July 2018
Volume 59, Issue 9
Open Access
ARVO Annual Meeting Abstract  |   July 2018
Development of dual corticosteroid loaded functionalized liposomes for enhanced drug delivery to the retinal endothelium
Author Affiliations & Notes
  • Anthoula Arta
    Micro- and Nanotechnology, Technical University of Denmark, Kgs. Lyngby, Denmark
  • Fredrik Melander
    Micro- and Nanotechnology, Technical University of Denmark, Kgs. Lyngby, Denmark
  • Thomas Lars Andresen
    Micro- and Nanotechnology, Technical University of Denmark, Kgs. Lyngby, Denmark
  • Andrew Urquhart
    Micro- and Nanotechnology, Technical University of Denmark, Kgs. Lyngby, Denmark
  • Footnotes
    Commercial Relationships   Anthoula Arta, None; Fredrik Melander, None; Thomas Andresen, None; Andrew Urquhart, None
  • Footnotes
    Support  None
Investigative Ophthalmology & Visual Science July 2018, Vol.59, 5686. doi:
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      Anthoula Arta, Fredrik Melander, Thomas Lars Andresen, Andrew Urquhart; Development of dual corticosteroid loaded functionalized liposomes for enhanced drug delivery to the retinal endothelium. Invest. Ophthalmol. Vis. Sci. 2018;59(9):5686.

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      © ARVO (1962-2015); The Authors (2016-present)

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Abstract

Purpose : Nanomedicines have been shown to hold promise for the treatment of posterior segment eye diseases. The goal of this work is to develop a novel, dual corticosteroid loaded, functionalized liposome that shows, based on in-vitro studies, enhanced uptake by Human Retinal Endothelial Cells (HRECs) and enhanced anti-inflammatory efficacy, when HRECs are under high glucose conditions, compared to non-targeting formulations.

Methods : We developed a liposome formulation loaded with corticosteroids both in the core, Prednisolone Hemisuccinate (PreH), and on the membrane, Prednisolone Palmitate (PreP). For enhancing the targeting of the HRECs, endothelial cell protein C receptor (EPCR) specific antibodies were functionalized on the surface of the carriers. Prednisolone Hemisuccinate was remote loaded, while 5% molar concentration of PreP was premixed with the lipids, and the encapsulated drugs were quantified by reverse phase HPLC. The in vitro uptake of the EPCR-targeting nanocarrier from HRECs was assessed by flow cytometry and confocal laser scanning microscopy (CLSM), in comparison to non-targeting liposomal formulations. The therapeutic potential of our novel liposomal system was determined by assessing their ability to inhibit the secretion of inflammatory mediators, IL-8 and IL-6, by HRECs that have been cultured under high glucose conditions (25mM) for 72 hours.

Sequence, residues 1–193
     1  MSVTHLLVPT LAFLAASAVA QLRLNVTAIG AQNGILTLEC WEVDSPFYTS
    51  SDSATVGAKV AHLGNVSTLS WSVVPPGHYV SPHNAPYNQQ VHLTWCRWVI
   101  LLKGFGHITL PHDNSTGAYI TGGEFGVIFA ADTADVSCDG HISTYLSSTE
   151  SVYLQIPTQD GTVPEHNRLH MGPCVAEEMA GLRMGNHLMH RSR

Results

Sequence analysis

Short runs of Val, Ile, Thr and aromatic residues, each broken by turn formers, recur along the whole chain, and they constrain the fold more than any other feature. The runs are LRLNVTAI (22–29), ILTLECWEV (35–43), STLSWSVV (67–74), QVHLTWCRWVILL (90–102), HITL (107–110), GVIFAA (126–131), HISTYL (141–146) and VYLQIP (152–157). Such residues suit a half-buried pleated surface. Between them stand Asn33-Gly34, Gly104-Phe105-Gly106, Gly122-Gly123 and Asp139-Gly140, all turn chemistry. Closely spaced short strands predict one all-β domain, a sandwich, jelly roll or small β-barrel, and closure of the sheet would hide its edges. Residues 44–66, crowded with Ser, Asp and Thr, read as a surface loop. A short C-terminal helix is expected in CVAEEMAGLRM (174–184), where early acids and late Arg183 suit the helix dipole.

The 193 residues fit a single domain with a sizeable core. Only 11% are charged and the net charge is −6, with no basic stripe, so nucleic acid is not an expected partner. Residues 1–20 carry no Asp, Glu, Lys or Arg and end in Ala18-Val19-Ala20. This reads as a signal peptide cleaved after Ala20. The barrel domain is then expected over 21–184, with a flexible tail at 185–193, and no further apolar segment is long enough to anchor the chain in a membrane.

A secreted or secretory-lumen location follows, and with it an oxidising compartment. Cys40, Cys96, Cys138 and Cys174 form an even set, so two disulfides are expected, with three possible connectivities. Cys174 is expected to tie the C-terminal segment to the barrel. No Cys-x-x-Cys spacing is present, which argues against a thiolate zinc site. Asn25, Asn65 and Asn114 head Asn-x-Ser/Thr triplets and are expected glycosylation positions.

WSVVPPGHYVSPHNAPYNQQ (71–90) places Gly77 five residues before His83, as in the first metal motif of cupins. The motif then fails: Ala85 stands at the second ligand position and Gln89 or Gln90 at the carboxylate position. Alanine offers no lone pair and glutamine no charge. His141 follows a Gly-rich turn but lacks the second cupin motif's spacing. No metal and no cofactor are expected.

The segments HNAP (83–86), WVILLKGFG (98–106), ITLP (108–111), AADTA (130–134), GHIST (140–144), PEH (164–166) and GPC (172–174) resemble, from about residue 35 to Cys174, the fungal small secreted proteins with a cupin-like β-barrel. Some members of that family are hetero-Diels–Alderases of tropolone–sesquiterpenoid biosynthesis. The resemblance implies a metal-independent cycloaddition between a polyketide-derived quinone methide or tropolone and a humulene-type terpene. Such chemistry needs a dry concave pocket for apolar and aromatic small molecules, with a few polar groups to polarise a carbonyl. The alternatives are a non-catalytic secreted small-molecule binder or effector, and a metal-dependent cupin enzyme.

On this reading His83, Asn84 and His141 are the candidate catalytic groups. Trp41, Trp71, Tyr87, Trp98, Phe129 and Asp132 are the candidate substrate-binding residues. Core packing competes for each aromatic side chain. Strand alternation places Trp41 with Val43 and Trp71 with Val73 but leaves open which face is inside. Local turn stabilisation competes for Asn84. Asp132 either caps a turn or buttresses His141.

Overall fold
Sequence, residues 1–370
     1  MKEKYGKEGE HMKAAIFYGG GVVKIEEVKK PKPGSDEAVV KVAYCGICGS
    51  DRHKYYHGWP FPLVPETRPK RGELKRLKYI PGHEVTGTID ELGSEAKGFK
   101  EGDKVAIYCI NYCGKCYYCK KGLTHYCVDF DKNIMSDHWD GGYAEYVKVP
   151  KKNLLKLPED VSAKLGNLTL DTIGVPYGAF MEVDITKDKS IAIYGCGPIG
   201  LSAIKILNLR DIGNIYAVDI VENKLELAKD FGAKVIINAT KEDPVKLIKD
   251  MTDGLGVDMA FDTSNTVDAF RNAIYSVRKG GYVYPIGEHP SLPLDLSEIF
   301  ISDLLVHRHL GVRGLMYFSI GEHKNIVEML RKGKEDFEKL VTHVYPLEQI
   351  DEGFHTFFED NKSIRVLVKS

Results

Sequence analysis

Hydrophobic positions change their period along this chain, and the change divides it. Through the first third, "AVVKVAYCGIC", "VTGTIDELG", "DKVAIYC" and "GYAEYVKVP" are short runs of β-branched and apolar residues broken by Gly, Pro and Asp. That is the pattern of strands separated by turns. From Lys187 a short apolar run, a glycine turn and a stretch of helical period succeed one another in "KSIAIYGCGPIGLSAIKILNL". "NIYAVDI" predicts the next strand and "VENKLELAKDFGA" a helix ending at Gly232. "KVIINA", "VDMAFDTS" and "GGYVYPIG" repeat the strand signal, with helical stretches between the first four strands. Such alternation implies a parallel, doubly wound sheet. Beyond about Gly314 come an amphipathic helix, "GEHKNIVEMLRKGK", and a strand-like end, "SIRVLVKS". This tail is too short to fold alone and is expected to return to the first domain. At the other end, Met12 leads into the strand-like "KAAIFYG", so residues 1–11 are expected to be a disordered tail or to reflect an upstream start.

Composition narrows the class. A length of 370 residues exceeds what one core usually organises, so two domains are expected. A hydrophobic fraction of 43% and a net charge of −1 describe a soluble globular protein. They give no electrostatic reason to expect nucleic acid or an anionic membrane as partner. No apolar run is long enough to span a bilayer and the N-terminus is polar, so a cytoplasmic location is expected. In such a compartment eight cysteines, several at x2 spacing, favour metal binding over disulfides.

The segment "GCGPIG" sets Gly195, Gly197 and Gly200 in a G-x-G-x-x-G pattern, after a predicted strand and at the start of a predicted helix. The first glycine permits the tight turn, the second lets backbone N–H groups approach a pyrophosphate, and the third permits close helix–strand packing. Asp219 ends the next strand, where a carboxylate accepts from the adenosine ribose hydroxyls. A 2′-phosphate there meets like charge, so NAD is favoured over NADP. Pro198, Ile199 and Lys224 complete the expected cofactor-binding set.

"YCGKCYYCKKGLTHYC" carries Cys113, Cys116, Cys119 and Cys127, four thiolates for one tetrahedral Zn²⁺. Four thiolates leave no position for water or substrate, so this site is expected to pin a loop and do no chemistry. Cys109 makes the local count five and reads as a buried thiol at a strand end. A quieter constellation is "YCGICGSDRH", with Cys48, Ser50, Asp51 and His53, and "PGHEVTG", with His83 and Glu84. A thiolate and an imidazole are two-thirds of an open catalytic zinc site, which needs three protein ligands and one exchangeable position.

Results : The EPCR targeting liposomal nanocarrier that we developed displayed at least 4-fold higher uptake compared to the non-targeting ones. This enhanced uptake was also translated into superior biological activity as the EPCR targeting, dual loaded liposomes, significantly reduced the secretion of IL-6 by 40% and IL-8 by 50% (p < 0.0001), compared to untreated cells (control), at levels similar to the non-stimulated/healthy cells which were cultured in normal glucose conditions. Additionally, they exhibited superior anti-inflammatory activity compared to the single loaded liposomes (PreH) (p < 0.001) and the free PreH (p < 0.01).

Conclusions : Targeting EPCR leads to higher levels of nanoparticle uptake by HRECs and enhanced efficacy. Moreover, even low concentrations of membrane loaded corticosteroids can significantly enhance the therapeutic efficacy of the liposomes.

This is an abstract that was submitted for the 2018 ARVO Annual Meeting, held in Honolulu, Hawaii, April 29 - May 3, 2018.

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